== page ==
Here is a promising strategy that we hope our allies across the country can learn from. The Debt Collective has partnered with the Los Angeles Tenants Union and tenant organizers and legal service providers from the state of California to launch the Tenant Power Toolkit. The first step in such tenant organization is the ability to fight evictions. While 95% of landlords have lawyers, the vast majority of tenants do not, and in more than half of formal eviction cases, tenants lose by default because they are unable to file a legal response to their eviction paperwork within the allotted time (which in California is a draconian five business days; Florida is the only other state in the country with such a punitive time limit). The Tenant Power Toolkit allows a tenant anywhere in California with internet access to answer a series of questions about their living situation and eviction case in Spanish or English. The toolbox then prepares all the documents the tenant needs to file a response to the complaint and other essential legal documents. In Los Angeles County, the state’s densest concentration of tenants, the toolkit can even file court documents electronically. Once the paperwork is filed, the tenant can stay in their place and have more time not only to find available legal help, but also to connect with other tenants facing eviction and local tenant organizers.
Federal and state eviction protections have delayed the eviction crisis that experts predicted at the start of the pandemic. But those protections just ended in California, and the state’s vaunted emergency rental assistance program has left tens of thousands of people without help. These households and millions more across California who are struggling to pay their rent are now vulnerable to eviction as rent prices rise across the state.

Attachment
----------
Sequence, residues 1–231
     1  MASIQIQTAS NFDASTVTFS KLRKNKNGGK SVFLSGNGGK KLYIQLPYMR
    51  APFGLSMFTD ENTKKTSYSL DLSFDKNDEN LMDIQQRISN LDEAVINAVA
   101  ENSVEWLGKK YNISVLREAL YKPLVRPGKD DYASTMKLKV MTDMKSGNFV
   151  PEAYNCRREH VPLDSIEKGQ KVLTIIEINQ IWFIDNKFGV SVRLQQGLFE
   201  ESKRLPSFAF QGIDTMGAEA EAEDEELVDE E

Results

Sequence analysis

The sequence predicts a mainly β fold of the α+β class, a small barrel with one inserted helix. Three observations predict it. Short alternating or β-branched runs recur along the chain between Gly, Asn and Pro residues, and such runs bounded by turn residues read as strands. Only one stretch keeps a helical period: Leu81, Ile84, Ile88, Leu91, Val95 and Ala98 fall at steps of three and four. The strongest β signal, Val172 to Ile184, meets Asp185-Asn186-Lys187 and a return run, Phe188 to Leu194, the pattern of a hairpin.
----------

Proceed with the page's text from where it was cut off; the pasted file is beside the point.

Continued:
On the one hand, we can rightly view these millions of people as vulnerable – they are at imminent risk of eviction, displacement and homelessness. On the other hand, however, we can consider them as potential members of tenants’ unions, and more broadly of debtors’ unions. And that potential power is true far beyond California.
Nationally, tenants owe an estimated total rent debt of $14,971,000,000, with 5,721,000 households in arrears and 5,691,000 children in those households. This growing household debt can be organized – collectivized – into a form of power.
As union organizers, we can ask ourselves: are there private equity owners to whom substantial portions of this money are owed? In other words, against which corporate landlords do tenants have the potential power to collectively refuse rent?
Nearly $15 billion is a huge rental debt for individuals and families. But when you reframe rental debt, and even eviction, through collective organizing, they become sources of potential tenant influence on a system that for too long has prioritized housing over shelter. for people, but as a profitable asset for investors. The Tenant Power Toolkit aims to turn this potential into real leverage, setting a precedent for similar efforts to organize and unionize debtors in other states.
In a capitalist and financialized economy, where households are heavily indebted for their basic needs, debtor syndicates offer a new form of power. In exercising debtor power, tenant unions have long led the way, and the Debt Collective releases the Tenant Power Toolkit to strengthen this organization and enable it to grow to face the scale of the crisis .
We need to build the collective power of tenants to target business owners for whom housing is a speculative asset, not a form of shelter. Now is the time for all of us to realize that if we are to deny pre-pandemic normalcy, we must build power for the world we want to see. Our debts, paradoxically, can be the collective lever we need to unleash this power.